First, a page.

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vehicle traversed, and in trying to pass over this obstruction the steam carriage was disabled.
Other towns in England and Scotland hastened to follow the example of Gloucester, and in a few months the number of steam carriages in Great Britain was reduced considerably. Then Parliament passed a sheaf of local Turnpike Bills, imposing exceedingly heavy tolls upon steam carriages, with the result that soon all such vehicles had ceased to run in the provinces.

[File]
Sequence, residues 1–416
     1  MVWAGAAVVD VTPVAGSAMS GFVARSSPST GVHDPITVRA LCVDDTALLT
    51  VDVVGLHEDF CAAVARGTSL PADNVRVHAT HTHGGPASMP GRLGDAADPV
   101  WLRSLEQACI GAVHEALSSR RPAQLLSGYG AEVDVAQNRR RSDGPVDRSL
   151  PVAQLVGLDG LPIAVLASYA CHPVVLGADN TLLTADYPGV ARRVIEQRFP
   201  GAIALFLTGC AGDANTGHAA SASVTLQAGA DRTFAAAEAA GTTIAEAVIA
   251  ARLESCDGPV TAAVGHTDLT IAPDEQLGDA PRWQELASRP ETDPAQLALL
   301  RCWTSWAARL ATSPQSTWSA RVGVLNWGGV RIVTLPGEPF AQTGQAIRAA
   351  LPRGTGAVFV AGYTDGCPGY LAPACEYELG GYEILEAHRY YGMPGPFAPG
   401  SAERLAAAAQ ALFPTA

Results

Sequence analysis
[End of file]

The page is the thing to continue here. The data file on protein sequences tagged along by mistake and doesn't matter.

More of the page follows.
But no such thing as strewing the roads with loose stones was ever adopted in London, and Hancock's omnibuses had as fair a trail as any reasonable being could desire. The "Automaton," the best steam omnibus ever built, was, unmistakably a failure, although Hancock, by publishing some statistics of its first five months at work, gave people the impression that it was a great success. In the 712 journeys which it made it carried 12,761 passengers — not a remarkable number, considering that it ran under favourable circumstances. That is to say, that when it was found that the interest in the "Automaton" was waning on one route, it was put immediately to another. The majority of journeys